Gordon Brown is fond of labouring the point about how the government has freed UK business from the 'boom and bust' legacy that typified the UK's economy under the Conservatives.
Ironically, if a recent incident in the US is echoed over here, New Labour's economy could be heading for the kind of slump that the Chancellor is claiming to have eradicated with his softly-softly approach.
As the Lastminute.com fiasco unfurled over here, leaving hundreds of investors disappointed, the US Securities and Exchange Commission (SEC) was busy enforcing an aggressive crackdown on accounting practices to inject some financial reality into the dotcom market.
The first casualty of the war on hype came in the middle of last month when the chief executive of US software supplier Microstrategy saw his personal fortune plummet from just under $10 billion (£6.3bn) to a little more than $3 billion (£1.9bn) in one day.
Take a look at Microstrategy's share price history and you'll understand the story. Some might not class it strictly as a 'dotcom': the company was formed in 1989 and has an established track record as a bricks-and-mortar data mining firm. But just last year, under the guidance of young firebrand chief executive Michael Saylor, the firm reinvented itself with the launch of a subsidiary, Strategy.com, which distributes personalised data to handhelds and mobiles.
Analysts agree that Microstrategy's recent stock jump - the largest jump being from about $15.50 (£9.77) in April 1999 to $333 (£210) a few weeks ago - is very much thanks to its dotcom halo.
The rise and fall of Saylor's star
As the stock price rocketed, noisy, brash Saylor became famous in his hometown of Washington DC. He put his new-found wealth to work immediately, treating his 1,600 employees to a Caribbean cruise. He topped the list of Washingtonian philanthropists by donating $100 million to start an online university.
At the height of the share price boom, Saylor told the Washington Post that he had calculated his time was worth about $600,000 (£380,000) an hour.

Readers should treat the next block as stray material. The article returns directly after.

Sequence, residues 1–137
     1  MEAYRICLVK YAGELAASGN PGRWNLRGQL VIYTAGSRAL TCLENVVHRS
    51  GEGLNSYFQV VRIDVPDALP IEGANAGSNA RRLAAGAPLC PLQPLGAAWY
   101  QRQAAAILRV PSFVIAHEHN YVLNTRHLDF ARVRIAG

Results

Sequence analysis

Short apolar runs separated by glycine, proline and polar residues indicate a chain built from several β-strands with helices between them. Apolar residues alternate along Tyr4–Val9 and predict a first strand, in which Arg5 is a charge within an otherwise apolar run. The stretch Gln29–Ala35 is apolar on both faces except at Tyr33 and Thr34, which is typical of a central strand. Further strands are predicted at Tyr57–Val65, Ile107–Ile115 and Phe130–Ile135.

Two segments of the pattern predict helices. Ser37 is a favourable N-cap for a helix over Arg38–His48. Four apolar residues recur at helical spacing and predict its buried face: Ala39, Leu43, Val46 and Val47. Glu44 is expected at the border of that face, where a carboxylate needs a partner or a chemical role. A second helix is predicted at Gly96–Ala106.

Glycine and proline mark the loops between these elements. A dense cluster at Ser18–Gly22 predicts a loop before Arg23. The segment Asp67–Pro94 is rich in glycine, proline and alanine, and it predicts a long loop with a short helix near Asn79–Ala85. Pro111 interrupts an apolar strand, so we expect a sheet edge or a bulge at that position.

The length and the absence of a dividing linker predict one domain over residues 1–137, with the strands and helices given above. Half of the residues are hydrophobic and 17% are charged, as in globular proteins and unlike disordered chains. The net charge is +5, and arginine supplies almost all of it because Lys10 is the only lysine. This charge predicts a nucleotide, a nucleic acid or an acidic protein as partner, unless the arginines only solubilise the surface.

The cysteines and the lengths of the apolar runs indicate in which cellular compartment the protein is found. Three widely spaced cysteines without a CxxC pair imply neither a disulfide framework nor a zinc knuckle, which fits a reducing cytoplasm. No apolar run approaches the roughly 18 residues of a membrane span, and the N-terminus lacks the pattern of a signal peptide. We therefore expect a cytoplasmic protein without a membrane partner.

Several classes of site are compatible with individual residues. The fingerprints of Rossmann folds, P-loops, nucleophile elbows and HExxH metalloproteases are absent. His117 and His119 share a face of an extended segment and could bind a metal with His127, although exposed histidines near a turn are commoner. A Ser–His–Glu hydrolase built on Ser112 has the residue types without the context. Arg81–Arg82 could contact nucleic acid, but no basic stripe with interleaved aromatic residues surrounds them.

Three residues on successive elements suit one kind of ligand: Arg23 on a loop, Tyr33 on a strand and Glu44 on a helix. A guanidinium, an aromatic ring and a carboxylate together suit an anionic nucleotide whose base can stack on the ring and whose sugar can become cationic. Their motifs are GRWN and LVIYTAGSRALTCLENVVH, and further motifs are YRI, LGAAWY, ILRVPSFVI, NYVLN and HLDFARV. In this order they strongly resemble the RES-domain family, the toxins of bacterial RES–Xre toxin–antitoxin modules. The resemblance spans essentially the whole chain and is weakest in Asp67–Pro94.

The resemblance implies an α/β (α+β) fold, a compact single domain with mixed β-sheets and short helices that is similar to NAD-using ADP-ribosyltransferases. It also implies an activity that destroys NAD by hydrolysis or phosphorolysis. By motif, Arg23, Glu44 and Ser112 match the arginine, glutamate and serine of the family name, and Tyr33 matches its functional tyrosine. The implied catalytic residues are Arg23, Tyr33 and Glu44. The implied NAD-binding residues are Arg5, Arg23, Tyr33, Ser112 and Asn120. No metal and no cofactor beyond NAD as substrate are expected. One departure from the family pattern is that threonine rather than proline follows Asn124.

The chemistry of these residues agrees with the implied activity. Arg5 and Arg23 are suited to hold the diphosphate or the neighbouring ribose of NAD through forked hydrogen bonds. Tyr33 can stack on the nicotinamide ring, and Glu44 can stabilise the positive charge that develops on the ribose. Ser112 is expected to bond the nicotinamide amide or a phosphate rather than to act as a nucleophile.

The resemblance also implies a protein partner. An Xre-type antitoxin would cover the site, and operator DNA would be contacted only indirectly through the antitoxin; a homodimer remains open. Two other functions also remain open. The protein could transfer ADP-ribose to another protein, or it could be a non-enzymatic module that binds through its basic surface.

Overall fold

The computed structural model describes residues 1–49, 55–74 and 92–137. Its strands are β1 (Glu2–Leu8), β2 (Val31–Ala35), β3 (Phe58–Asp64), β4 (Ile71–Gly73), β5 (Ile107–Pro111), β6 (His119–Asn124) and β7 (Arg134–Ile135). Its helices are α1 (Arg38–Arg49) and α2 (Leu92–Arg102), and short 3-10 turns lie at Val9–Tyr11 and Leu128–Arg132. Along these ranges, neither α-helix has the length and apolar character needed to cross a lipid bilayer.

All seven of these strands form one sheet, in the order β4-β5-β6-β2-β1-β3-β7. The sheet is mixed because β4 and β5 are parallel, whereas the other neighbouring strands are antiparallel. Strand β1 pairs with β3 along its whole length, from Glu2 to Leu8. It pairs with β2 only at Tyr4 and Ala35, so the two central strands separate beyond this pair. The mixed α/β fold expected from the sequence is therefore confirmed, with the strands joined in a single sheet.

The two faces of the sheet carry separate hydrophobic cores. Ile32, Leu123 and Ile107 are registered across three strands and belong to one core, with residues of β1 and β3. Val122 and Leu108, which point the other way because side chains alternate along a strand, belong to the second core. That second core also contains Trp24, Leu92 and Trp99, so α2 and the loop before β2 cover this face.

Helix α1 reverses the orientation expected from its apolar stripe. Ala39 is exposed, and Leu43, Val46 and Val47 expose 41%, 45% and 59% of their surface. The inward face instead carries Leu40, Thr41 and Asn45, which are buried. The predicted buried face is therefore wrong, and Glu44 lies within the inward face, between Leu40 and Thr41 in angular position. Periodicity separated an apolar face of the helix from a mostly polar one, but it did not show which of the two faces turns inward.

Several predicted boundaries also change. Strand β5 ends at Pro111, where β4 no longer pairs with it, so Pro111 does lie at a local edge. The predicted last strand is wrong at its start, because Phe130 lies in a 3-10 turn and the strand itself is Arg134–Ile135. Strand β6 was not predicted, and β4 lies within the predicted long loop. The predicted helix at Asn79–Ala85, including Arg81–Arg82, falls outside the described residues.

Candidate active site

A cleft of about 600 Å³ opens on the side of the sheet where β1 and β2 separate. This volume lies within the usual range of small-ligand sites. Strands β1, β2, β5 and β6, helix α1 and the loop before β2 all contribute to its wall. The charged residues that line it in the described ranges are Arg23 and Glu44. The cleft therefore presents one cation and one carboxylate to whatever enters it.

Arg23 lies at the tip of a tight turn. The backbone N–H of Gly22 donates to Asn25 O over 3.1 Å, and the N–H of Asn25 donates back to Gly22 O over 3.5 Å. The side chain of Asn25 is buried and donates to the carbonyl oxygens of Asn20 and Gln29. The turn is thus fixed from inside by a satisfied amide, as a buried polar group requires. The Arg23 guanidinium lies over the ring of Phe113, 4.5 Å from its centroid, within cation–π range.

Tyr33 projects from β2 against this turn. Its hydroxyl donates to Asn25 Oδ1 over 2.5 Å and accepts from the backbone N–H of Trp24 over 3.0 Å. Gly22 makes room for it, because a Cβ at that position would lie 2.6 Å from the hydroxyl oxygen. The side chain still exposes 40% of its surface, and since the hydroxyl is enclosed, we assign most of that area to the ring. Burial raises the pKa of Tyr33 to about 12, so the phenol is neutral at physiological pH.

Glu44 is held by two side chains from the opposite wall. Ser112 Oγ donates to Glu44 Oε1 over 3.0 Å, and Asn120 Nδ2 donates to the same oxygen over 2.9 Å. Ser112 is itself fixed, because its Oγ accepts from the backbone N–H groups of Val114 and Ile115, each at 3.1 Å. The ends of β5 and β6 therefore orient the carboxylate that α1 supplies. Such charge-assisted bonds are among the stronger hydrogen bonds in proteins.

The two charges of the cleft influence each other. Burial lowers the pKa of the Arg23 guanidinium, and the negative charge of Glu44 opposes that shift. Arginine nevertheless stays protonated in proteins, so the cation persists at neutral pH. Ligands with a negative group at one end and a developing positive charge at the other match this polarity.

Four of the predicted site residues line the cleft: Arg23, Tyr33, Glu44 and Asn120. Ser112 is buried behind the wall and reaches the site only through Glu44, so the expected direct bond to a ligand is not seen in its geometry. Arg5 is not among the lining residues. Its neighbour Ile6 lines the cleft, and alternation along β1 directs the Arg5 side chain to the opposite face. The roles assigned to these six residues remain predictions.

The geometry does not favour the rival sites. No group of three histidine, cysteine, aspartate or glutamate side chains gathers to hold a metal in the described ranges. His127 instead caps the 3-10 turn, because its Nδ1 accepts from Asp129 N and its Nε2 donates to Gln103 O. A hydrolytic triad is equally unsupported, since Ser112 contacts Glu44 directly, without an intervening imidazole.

He also read 250 books in preparation for the construction of a made-to-measure dream house in Washington, complete with a 50-acre backyard. His star had certainly risen.
Then failure and ignominy struck Michael Saylor like a slap in the face two weeks ago. At the highest point of its arc, Microstrategy was forced to announce that its accounting practices might not have been strictly correct, and told shareholders that the regulators, in the shape of the SEC, were taking a look.
The result? Microstrategy restated its accounts for the past two years, knocking 25 per cent off revenue for 1999. The share price plunged to $76 (£48) before picking up again.
After the stock plummet, the Post couldn't help but publish a list of the 10 ways losing $10 billion (the amount Saylor lost over a period of 10 days) can cramp your lifestyle: 'Can still have lunch with Dow, but not Jones. Wallet no longer leaves attractive bulge in pants. Online university? Try online pre-school.' And so on.
To be fair, Saylor has taken it all in good part. "I don't feel any different," he said after a reporter asked him the one question on everyone's lips - how does it feel to lose that much dosh?
From class act to class-action lawsuits
But where does this leave Microstrategy? Well, fighting its shareholders is going to occupy its time for a while - six separate groups have filed class-action suits on the basis that they lost money because Microstrategy couldn't get its figures right.
Microstrategy's customers should be fine. The company's future is not in doubt, because this is largely an accounting matter. It's a question of restating money in the right year, not losing that money. The company hit trouble for counting its chickens and booking a significant portion of its revenue from deals up front, rather than spreading them over the length of the contract.
In the long term, it's not just Saylor's company stock that is down, but his personal stock as well. His signature is on the restatement letter to the SEC, and it is he who must take the blame for this defeat.
Ignorance is not really a defence. There is a long history of software companies falling foul of the SEC's regulations on revenue recognition. Whether or not the dotcom generation is as savvy, is open to question, but they should take this as a warning that there are plenty of sharp-minded bureaucrats out there ready to burst the bubble.
The future for Saylor? Well, we can only assume his time is now worth a mere $100,000 an hour. Lord knows how he'll scrape by on that.
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